Bullbar hazard angers critics

The Sunday Telegraph – Sunday 21 July 2002

Protection or hazard: Some of the bullbars photographed by the PCA at Cowra

HUNDREDS of vehicles equipped with illegal “Mad Max” style bullbars are still on NSW roads a year after the Government pledged to crack down on them, a pedestrian group claims.

These photographs show what the Pedestrian Council of Australia says are illegal and aggressive bullbars adorning up to 250 vehicles that gathered at the Cowra Picnic Races last week.

“It's a Mad Max cult. It's based on that sort of look,” said PCA chairman Harold Scruby. “These things kill people and having them is nothing more than a case of mine is bigger than yours.”

The Road and Traffic Authority has confirmed that some bullbars photographed by the PCA at Cowra do not comply.

“The photos will be referred to the RTA's inspectors and the police for follow up with the vehicle owners as soon as possible,” a spokeswoman said.

“Most of the cars in the photographs appear to comply with the RTA's guidelines.”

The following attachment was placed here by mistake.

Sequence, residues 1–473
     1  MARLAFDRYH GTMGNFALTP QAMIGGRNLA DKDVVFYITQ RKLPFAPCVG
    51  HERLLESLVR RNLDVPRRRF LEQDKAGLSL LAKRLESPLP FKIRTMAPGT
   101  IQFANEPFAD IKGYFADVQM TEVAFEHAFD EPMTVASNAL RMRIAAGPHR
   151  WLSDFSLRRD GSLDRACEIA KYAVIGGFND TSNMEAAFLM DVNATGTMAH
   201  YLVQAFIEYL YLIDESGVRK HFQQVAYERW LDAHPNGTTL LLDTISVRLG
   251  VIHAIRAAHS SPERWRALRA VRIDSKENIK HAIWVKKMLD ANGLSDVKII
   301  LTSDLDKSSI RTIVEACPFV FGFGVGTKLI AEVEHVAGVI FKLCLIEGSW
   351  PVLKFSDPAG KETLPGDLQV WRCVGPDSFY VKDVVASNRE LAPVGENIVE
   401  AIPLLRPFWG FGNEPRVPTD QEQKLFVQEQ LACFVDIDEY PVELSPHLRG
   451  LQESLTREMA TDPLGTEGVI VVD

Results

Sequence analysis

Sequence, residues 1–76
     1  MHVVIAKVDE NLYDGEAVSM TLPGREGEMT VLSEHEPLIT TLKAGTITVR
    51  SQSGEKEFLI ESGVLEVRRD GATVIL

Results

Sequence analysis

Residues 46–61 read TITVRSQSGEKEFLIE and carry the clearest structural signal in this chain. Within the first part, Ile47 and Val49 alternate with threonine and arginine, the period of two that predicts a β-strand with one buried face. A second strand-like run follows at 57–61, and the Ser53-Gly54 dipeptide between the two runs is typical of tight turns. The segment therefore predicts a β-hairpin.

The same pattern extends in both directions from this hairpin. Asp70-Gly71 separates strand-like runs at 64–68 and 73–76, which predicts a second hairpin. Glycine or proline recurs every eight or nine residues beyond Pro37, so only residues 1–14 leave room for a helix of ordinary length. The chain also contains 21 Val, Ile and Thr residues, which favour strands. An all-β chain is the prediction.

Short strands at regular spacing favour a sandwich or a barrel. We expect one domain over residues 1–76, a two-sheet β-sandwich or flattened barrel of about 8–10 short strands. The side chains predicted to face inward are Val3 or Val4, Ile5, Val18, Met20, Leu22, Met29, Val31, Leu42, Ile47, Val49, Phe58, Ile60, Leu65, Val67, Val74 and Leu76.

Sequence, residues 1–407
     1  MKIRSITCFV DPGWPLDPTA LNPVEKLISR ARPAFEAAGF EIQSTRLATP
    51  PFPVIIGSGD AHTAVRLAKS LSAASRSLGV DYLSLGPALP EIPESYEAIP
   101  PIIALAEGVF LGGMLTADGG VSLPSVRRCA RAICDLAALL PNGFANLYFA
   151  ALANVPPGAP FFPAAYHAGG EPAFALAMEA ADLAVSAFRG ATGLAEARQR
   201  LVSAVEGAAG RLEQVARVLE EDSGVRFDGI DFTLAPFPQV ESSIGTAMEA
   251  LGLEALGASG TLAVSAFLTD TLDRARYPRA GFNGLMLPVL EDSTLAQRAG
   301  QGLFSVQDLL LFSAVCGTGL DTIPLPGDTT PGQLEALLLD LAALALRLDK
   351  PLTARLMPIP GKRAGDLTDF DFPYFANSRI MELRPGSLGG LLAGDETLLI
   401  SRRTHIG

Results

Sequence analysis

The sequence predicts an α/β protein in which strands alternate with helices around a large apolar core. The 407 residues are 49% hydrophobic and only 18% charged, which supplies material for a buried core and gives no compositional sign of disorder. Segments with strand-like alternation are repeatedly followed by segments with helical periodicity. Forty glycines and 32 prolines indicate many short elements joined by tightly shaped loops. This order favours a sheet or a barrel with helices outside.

Researchers at Monash University's Road Accident Research Centre said that the bullbars posed a serious danger to pedestrians.

“Those pictures are frightening really. Pedestrians would be in strife,” said research fellow Michael Fitzharris.

In May last year the RTA promised to prevent vehicles with illegal bullbars from being re-registered when they were presented for annual inspection.

Mr Scruby said the Cowra gathering showed that the RTA was failing to pick them up. The RTA, however, said it was satisfied that inspection stations were following the guidelines issued last year. “These checks have not revealed a pattern of non-compliant bull bars passing pink slip inspection,” it said.

Research by the Australian Transport Safety Bureau has found that bullbars are involved in up to 20 per cent of fatal pedestrian crashes.

RTA rules ban protrusions on bullbars such as fishing rod holders and spotlights and any sharp or ragged edges.

The Australian Automotive Aftermarket Association said laws against homemade and dangerous bullbars would be beefed up with the introduction of an Australian Standard for bullbars later this year.

The RTA said it expected to adopt the new standard and would then ensure that all new bullbars complied with it.